Costs and Benefits of Eurozone Breakup

Written by | Friday, December 11th, 2015

Jens Nordvig (New Direction)

The Eurozone has generally been considered a great success in its first ten years. A change occurred around 2010 when the world markets were hit by the so-called financial crisis. Until then, no one had really been thinking about the situation in which a Eurozone member would want (or even have to) leave the joint program. It was during the financial crisis that this eventuality was first openly discussed. It is clear that the crisis was the first acid test of the common currency and no one could imagine other possible scenarios of the future development. The financial crisis, however, triggered a wave of uncertainty and doubts about the future direction of the Eurozone. Europe’s southern states such as Greece, Italy, Spain and Portugal were all, at least briefly, close to fail and thus leave the Eurozone. The financial crisis has been successfully stabilized since 2012, though the Eurozone is still facing new problems and challenges.

One the the major problems is political opposition to further integration, whereby EU members are trying to postpone their accession to the Eurozone as much as they can. It is no longer an exception that countries openly reject the euro. For many opponents, the Eurozone has become a kind of “boogeyman”, which they use to point to the issue of a democratic deficit in the EU. The common currency is therefore often referred to as a further consolidation of the dictate or a loss of own sovereignty. These responses can be observed, for example, during the negotiations about Greece’s rescue, which is effectively forced to abide by the negotiated measures. However, it is concurrently a situation that is very unfavorable for the current Eurozone members because it suggests between the lines that the common currency is being taken into a blind alley.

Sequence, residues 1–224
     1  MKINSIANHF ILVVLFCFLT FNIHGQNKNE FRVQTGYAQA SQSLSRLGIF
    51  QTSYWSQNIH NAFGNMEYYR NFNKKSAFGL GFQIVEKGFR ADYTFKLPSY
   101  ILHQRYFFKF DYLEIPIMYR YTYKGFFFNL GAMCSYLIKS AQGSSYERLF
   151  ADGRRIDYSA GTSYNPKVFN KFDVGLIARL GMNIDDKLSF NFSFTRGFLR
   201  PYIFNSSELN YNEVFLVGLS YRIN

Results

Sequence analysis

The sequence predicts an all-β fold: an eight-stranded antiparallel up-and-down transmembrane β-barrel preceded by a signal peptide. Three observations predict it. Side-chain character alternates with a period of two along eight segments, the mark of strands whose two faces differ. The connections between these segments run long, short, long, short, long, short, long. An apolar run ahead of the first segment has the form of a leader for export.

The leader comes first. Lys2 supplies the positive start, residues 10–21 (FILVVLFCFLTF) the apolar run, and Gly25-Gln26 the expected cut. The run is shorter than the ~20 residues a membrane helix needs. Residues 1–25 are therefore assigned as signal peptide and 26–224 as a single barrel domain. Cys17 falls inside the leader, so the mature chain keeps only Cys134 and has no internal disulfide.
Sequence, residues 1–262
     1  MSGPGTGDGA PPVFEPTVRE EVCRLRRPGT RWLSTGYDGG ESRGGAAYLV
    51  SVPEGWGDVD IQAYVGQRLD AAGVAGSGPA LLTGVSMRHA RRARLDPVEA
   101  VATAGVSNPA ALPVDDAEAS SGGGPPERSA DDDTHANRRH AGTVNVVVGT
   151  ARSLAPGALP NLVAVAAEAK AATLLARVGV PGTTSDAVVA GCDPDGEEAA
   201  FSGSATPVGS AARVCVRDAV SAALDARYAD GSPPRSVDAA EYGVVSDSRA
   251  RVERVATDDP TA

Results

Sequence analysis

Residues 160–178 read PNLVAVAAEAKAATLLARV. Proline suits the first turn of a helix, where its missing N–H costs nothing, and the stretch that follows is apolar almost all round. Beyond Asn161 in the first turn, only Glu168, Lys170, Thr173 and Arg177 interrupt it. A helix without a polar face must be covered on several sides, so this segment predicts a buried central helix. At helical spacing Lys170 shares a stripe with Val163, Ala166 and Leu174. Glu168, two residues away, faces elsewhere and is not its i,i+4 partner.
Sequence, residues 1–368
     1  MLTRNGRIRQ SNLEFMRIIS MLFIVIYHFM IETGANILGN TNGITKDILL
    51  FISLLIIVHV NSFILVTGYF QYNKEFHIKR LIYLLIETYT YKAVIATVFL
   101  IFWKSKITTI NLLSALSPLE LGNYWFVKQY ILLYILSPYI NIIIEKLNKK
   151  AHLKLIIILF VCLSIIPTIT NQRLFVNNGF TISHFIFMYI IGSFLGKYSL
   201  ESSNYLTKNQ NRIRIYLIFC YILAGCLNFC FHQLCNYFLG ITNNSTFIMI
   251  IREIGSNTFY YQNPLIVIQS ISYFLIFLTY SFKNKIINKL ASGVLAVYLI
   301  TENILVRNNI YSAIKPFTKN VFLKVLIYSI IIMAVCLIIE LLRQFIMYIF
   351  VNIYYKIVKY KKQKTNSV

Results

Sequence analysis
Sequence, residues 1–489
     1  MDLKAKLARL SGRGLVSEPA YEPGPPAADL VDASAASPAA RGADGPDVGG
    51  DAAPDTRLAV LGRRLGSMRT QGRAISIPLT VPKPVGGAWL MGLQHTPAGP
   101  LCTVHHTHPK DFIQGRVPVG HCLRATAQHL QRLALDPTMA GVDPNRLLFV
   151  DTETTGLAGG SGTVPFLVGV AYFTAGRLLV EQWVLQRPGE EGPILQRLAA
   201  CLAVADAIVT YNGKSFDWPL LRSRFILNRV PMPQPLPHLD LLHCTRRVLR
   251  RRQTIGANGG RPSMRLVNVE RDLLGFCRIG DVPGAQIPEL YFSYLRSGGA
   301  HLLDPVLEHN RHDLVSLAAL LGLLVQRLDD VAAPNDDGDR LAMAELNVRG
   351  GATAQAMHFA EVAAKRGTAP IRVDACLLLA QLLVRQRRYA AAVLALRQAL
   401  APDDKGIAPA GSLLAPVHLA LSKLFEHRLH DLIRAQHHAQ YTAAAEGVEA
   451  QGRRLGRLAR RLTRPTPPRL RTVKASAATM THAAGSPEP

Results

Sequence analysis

Many therefore perceive a quick exit from the Eurozone as the only way out. Leaving the joint program is, however, a highly complicated affair, whereby all the other Member States would have to deal, willingly or not, with such a dire scenario. It is, by and large, a legally complex process with immense economic consequences that would hypothetically reach up to the global level. It could be also expected that the breakup of the Eurozone would have a bearing on the very functioning of the Union. Everyone is therefore trying to avoid such a scenario, though the question remains how much longer this could last. The existence of a functional Eurozone actually means much more than the common currency.

(The study can be downloaded here:

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